a concept that JHK has coined a wonderful
    term for: TECHNO-TRIUMPHALISM.
    My theory is that the world is not only at
    Peak Oil and Peak Water and Peak Base Metals
    and Peak Food, but mostly it has passed PEAK
    INTELLIGENCE.
    Schools have used social promotion and “Self
    Esteem” for about three decades (due to idiots
    like Dr. Spock and others). The result is a
    huge new generation of complete imbeciles
    created by our own moronic ideas about loving
    self before other.
    In “Generation Me”, author Twenge shows survey
    after survey where around 75% of 20-somethings
    think they’re “very attractive” and “very
    intelligent”. Right. They’re averaging about
    30 pounds overweight per person and they’re
    getting out of high school with 8th grade
    reading skills … or worse. Twenty percent
    of Chicago high school graduates cannot name
    all 26 letters of the alphabet. Truth really
    is STRANGER THAN FICTION.
    Franz Kafka looks like a pollyanna compared to
    anyone who’d care to depict this world.
    Eleuthero

  191. diogen June 10, 2010 at 7:02 am #

    “I don’t believe that people are primarily shaped by their environment.”
    Really? How do you think your kids would develop if they were adopted at birth by, let’s say, a single black woman living in a black ghetto, who has no education herself and cares nothing about educating your kids, doesn’t read to them, does not lavish attention and affection on them, they learn to speak English from other street kids? My guess they would turn out just like the kids from that article you quoted.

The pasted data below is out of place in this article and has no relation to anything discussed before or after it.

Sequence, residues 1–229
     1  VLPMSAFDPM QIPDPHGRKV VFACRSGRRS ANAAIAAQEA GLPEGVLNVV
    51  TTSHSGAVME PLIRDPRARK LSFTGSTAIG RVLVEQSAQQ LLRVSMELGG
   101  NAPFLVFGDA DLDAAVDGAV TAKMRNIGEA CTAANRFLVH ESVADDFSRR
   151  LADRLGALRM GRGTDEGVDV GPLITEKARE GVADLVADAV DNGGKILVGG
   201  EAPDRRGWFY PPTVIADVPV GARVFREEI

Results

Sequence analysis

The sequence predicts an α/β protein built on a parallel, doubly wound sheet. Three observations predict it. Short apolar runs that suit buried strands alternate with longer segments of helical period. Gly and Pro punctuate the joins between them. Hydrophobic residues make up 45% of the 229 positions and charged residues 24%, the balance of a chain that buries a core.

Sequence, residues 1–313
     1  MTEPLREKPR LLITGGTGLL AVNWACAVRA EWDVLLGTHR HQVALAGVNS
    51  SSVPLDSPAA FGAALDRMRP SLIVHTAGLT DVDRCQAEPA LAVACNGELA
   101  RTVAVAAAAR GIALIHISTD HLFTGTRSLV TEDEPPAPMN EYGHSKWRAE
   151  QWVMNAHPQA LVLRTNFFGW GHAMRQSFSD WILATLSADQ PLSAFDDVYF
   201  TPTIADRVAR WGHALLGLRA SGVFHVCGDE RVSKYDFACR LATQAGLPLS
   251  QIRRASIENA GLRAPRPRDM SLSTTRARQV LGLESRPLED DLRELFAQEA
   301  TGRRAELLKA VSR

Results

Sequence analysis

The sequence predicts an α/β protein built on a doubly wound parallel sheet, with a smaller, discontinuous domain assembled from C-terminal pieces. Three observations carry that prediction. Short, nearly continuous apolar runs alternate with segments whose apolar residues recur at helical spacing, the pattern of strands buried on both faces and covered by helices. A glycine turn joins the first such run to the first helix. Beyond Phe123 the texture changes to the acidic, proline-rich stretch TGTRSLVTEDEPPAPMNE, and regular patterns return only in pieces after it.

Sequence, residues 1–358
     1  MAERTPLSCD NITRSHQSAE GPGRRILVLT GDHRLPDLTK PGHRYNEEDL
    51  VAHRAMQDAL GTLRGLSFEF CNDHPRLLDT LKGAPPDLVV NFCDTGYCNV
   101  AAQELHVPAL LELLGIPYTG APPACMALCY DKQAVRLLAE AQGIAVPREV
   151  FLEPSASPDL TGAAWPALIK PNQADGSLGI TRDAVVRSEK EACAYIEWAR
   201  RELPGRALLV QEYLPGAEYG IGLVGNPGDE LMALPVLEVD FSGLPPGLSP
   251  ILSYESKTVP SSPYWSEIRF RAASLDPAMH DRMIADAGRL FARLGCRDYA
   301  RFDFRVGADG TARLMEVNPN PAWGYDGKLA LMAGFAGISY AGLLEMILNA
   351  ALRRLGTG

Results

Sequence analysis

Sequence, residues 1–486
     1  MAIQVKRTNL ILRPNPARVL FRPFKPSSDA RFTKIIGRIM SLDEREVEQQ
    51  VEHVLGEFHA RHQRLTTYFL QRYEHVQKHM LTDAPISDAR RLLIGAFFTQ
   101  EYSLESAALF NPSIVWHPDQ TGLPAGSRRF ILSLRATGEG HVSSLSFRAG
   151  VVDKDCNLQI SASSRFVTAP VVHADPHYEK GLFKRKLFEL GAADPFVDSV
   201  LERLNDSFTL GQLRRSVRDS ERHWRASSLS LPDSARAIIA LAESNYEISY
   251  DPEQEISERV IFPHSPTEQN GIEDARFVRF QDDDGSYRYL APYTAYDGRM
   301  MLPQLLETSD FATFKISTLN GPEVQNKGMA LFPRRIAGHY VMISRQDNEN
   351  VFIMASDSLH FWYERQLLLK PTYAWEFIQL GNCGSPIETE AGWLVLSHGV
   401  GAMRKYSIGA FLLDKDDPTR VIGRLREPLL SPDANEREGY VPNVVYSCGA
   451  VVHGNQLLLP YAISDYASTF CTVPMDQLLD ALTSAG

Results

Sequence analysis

I don’t disagree that blacks hold racist views, thanks to the brainwashing from their black “leaders” and the misguided liberal educational system, not to mention pop-culture.
    I think you underestimate the influence of environment on the kids’ development.

  192. diogen June 10, 2010 at 7:08 am #

    “Expect whites to have a “reconquista” of
    the major cities when the brown stuff hits”
    I’m not so sure about that. What would they be doing in the jungle that major cities have become? Presumably at that point the economy would be severely downgraded, how exactly will they be making a living in major cities? At least in the countryside they can work on farms to help farmers grow food.
    I am with Kunstler on that, smaller cities and towns with access to nearby farmland have a better chance of relative normalcy during the Long Emergency.
    “Major race wars are baked in the cake.”
    I hope you’re wrong about that, although you may be right.

  193. eightm June 10, 2010 at 10:55 am #

    FALSE. There are no peaks, only environmentalists fantasy and desire for peaks to exist. The green bunch want to provoke peak oil, etc. they want to force it to exist since they cannot come to grips with the reality of the fact that technology and science from 1900 to 2000 has increased our standard of living hugely and will continue to do so no matter what JHK says and desires.
    Check out:
    http://www.jefflindsay.com/Overpop.shtml
    http://www.objectivistcenter.org/showcontent.aspx?ct=835&h=53
    http://www.heartland.org/policybot/results/9243/UN_Study_Ends_Overpopulation_Fears.html